Disadvantages of Internet Banking

Internet banking is steadily on the rise. No longer is conducting financial transactions strictly done at the bank’s counter, online banking has rapidly become the norm for a large percentage of people. Many people are attracted to Internet banking because of the convenience, speed and customization afforded by having the ability to do electronic banking.

However, with every positive generally comes a negative, and Internet banking is no exception, as there are some disadvantages associated with doing paperless banking. Here are a few of those drawbacks associated with Internet banking:

• Personal relationship with bank

One of the primary benefits connected to traditional brick and mortar banking is the fact you get to know your bankers and they are familiarized with you. While the Internet is increasingly used in doing business, nothing truly replaces a handshake and good old fashioned face-to-face interaction.

Investopedia points out getting to know bank personnel on an individual basis has its advantages, especially when “you need a loan or a special service that is not normally offered to the public. A bank manager usually has some discretion in changing the terms of your account if your personal circumstances change. They can help you solve problems such as reversing an undeserved fee or service charge.”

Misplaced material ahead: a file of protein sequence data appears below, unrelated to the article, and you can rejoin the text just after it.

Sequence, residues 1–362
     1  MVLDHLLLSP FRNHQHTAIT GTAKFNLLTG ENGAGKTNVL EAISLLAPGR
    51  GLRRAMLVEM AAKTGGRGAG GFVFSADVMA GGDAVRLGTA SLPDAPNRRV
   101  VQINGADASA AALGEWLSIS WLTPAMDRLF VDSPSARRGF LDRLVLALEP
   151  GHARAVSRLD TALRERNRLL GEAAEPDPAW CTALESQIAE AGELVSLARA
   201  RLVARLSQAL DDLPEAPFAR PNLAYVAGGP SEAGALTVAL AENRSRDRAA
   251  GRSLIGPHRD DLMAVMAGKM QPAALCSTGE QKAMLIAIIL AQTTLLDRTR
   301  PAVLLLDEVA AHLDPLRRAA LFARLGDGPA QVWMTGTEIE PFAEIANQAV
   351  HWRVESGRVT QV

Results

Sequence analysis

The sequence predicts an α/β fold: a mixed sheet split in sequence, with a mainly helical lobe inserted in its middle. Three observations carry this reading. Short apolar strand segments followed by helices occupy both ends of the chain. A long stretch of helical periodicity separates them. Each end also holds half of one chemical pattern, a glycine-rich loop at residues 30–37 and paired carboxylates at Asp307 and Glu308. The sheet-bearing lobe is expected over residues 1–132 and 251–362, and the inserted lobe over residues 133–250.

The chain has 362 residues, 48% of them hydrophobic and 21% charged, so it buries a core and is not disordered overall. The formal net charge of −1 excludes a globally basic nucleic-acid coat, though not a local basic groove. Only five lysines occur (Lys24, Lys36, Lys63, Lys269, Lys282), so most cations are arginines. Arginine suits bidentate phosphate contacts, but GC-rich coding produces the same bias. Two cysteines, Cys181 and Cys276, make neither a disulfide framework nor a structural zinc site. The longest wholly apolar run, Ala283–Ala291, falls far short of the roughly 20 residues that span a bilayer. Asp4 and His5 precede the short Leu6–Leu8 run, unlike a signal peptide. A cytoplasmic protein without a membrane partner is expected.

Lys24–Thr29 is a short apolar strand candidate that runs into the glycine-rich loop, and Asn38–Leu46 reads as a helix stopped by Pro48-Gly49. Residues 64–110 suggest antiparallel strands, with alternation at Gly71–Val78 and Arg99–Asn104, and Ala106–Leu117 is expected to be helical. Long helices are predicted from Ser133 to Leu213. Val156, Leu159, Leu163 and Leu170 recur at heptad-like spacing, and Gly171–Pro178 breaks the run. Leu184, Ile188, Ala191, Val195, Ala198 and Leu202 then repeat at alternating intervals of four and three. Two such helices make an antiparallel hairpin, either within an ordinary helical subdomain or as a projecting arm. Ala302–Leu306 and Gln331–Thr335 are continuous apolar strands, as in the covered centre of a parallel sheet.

This likely wouldn’t be the case if you conducted your business with a bank, that for the most part, would see you as an anonymous face because there is not much personalization involved.

• Hacking

If you are going to do Internet banking, you may increase your risk of your account being hacked. This is not to say doing face-to-face only banking is guaranteed safety, but it does eliminate some of the risks that may occur.

While banks take strong measures to secure accounts, and individuals can/should take security in their own hands, technology is not 100 percent infallible. Hacks and data breaches are a reality of living in today’s modern tech-centric world and one of the trade-offs society accepts in exchange for benefits received. On the positive, due to the 24/7 nature of account access, wrongful account activity can often be identified quickly.

• Service reduction

Online banks may not offer the wide ranges of services a physical bank might. Services such as insurance, notaries, brokerages and personalized service to give advice or a periodic analysis of accounts might not be provided from Internet based banks, at least not without a fee. Brick-and-mortar banks often offer ‘extras’ to their loyal customers whom they see on a routine basis.

• Overspend

The convenience factor makes it easier to overspend. If you want to make a large purchase, you can simply transfer money. Relying on the bank’s counter to make a transaction gives you time to think carefully about the large withdrawal you might be considering.

• Dealing with checks/cash

People that still deal in paper checks and cash will find online banking to be a chore since there is no customer service counter to visit. Additionally many online banks do not have designated ATM machines and this may incur additional charges if you need to make a withdrawal.

While Internet banking has its drawbacks, the reality is this method of banking is here to stay. The good news is by becoming aware and familiarized with any potential hazards or negative effects, you can alleviate those issues and have organized management of your accounts.